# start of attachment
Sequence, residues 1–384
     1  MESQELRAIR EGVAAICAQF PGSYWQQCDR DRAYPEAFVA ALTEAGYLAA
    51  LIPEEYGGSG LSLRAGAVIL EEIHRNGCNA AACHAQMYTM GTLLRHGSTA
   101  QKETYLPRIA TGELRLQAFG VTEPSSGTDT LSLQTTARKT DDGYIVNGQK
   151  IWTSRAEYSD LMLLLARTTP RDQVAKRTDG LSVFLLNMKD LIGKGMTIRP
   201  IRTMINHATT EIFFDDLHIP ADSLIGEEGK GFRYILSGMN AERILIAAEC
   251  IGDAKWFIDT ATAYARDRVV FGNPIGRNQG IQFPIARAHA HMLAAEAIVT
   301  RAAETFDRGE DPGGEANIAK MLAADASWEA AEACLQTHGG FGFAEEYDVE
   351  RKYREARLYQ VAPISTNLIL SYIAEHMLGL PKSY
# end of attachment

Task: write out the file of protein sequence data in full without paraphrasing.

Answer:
Sequence, residues 1–384
     1  MESQELRAIR EGVAAICAQF PGSYWQQCDR DRAYPEAFVA ALTEAGYLAA
    51  LIPEEYGGSG LSLRAGAVIL EEIHRNGCNA AACHAQMYTM GTLLRHGSTA
   101  QKETYLPRIA TGELRLQAFG VTEPSSGTDT LSLQTTARKT DDGYIVNGQK
   151  IWTSRAEYSD LMLLLARTTP RDQVAKRTDG LSVFLLNMKD LIGKGMTIRP
   201  IRTMINHATT EIFFDDLHIP ADSLIGEEGK GFRYILSGMN AERILIAAEC
   251  IGDAKWFIDT ATAYARDRVV FGNPIGRNQG IQFPIARAHA HMLAAEAIVT
   301  RAAETFDRGE DPGGEANIAK MLAADASWEA AEACLQTHGG FGFAEEYDVE
   351  RKYREARLYQ VAPISTNLIL SYIAEHMLGL PKSY